The property responsible for the distinctly different character of the troposphere and stratosphere is vertical stability. Because it applies even under motionless conditions and because displacements of air remain in hydrostatic balance, vertical stability is also referred to as static stability. Although forces are never far from hydrostatic equilibrium, vertical motions are introduced by forced lifting over elevated terrain and through buoyancy. Buoyantly driven motion is related closely to the stability of the atmospheric mass distribution. The latter, in turn, is shaped by transfers of energy between the Earth's surface, the atmosphere, and deep space. By promoting convection in some regions and suppressing it in others, vertical stability controls a wide range of properties.
REACTION TO VERTICAL DISPLACEMENT
Because of hydrostatic equilibrium, together with the compressibility of air, density decreases upward regardless of temperature structure (Fig. 6.5b). Thus, mean stratification invariably has lighter air configured over heavier air. This suggests stability with respect to vertical displacements. Were air incompressible, this would indeed be the case.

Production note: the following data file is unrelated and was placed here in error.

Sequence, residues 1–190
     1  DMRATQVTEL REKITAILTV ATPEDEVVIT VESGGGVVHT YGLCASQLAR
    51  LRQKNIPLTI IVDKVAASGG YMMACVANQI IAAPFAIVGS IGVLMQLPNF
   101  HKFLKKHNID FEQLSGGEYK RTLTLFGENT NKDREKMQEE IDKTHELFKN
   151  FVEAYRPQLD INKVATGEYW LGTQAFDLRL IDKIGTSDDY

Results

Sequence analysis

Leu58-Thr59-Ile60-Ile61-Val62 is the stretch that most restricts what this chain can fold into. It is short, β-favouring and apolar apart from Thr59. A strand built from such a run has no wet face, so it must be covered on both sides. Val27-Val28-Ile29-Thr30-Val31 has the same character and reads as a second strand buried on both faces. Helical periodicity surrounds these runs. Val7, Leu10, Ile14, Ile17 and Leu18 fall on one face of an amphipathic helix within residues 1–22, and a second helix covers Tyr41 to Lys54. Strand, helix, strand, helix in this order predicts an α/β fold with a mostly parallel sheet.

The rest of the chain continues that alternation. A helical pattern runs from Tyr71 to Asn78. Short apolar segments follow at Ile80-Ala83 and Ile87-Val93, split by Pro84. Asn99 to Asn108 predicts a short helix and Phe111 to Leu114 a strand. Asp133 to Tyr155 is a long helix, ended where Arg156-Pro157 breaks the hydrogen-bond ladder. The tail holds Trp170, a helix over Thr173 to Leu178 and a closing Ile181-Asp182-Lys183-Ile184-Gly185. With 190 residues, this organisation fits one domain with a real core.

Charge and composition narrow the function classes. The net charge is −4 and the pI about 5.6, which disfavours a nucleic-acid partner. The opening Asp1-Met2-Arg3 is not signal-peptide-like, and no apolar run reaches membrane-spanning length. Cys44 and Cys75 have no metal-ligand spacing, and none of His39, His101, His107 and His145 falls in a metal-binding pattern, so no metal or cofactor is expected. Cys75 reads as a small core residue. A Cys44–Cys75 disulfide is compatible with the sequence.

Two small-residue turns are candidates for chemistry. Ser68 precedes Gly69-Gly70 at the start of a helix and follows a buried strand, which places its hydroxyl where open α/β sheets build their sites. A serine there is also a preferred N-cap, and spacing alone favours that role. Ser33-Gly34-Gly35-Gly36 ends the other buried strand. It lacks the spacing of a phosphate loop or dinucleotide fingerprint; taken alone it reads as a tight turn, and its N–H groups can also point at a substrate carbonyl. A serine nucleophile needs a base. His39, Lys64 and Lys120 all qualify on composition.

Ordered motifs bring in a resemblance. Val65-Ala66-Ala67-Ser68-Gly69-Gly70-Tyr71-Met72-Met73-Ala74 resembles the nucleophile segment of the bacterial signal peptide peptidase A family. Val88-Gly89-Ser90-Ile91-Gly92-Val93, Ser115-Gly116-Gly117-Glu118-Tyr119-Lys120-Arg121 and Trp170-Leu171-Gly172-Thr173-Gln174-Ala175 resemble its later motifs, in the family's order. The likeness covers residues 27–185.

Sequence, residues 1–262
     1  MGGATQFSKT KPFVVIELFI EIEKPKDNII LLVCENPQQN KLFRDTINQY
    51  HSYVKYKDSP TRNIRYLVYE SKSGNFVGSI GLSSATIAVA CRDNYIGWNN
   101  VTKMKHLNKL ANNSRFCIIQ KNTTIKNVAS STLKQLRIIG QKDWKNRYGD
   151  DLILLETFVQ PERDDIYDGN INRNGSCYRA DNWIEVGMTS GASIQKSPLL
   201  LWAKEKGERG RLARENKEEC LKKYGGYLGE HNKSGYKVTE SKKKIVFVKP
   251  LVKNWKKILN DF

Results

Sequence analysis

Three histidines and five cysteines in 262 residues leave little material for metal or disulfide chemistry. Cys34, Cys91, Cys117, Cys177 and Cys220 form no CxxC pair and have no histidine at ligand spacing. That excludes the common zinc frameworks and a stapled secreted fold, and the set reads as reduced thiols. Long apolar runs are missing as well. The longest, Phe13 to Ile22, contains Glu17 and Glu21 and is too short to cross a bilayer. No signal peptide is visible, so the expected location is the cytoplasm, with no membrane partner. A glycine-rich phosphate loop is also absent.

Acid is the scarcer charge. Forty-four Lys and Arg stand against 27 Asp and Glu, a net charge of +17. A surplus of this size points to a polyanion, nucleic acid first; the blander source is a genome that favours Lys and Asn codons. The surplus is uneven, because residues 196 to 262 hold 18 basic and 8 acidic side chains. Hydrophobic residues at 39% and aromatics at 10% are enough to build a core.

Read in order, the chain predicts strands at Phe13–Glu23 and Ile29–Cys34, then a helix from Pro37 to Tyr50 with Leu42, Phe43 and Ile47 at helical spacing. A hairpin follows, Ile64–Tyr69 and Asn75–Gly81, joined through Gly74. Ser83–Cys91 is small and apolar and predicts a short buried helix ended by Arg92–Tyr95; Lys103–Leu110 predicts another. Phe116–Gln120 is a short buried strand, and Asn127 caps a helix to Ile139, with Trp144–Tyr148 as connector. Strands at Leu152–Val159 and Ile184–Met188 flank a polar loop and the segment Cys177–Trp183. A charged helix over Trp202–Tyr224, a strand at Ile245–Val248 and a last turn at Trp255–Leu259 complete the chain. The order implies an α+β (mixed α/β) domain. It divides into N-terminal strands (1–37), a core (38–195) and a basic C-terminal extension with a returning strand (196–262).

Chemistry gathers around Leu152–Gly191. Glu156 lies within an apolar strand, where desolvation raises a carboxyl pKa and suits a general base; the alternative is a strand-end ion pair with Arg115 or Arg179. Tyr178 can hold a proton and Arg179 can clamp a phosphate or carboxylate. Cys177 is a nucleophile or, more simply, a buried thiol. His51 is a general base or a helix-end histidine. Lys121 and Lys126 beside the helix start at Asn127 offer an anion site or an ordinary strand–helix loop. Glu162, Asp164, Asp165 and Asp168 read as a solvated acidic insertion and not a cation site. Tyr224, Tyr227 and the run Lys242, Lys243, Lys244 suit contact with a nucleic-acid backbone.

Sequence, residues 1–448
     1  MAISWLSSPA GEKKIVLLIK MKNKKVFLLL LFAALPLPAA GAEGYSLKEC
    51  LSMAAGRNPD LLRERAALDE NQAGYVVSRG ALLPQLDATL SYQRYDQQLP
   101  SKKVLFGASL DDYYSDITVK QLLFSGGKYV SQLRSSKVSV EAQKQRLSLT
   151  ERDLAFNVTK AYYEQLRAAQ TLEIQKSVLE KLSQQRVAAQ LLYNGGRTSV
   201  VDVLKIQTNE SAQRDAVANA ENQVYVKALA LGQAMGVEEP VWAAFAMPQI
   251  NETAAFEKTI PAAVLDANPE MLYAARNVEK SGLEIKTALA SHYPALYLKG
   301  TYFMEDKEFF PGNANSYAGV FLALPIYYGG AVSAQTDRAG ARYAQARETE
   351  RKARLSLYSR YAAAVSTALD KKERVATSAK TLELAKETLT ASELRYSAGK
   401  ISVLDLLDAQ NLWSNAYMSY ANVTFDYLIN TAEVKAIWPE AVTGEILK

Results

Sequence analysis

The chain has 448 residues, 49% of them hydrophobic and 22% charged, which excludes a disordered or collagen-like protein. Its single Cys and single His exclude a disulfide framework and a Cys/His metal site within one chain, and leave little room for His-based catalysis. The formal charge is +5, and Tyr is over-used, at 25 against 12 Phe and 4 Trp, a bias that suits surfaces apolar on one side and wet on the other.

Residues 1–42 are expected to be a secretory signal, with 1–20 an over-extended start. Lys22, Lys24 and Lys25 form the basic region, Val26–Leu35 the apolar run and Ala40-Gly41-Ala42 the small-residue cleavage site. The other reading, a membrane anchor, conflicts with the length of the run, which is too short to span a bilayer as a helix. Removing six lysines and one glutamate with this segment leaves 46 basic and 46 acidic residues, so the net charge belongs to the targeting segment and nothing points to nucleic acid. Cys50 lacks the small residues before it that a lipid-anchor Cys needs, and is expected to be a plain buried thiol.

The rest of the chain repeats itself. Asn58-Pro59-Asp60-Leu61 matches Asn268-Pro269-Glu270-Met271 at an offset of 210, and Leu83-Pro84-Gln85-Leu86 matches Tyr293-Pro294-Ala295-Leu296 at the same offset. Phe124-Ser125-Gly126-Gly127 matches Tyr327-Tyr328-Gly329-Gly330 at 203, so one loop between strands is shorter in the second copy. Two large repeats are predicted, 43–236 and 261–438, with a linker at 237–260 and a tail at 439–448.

Consider an arbitrary air parcel, inside the layer pictured in Fig. 7.1. In a linear stability analysis, this parcel will be used to establish how the layer reacts to infinitesimal disturbances from equilibrium. Although the analysis focuses on an individual parcel, stability actually refers to the layer as a whole.
Suppose the parcel is disturbed by a virtual displacement δz′ = z′, where primes distinguish properties of the parcel from those of its environment.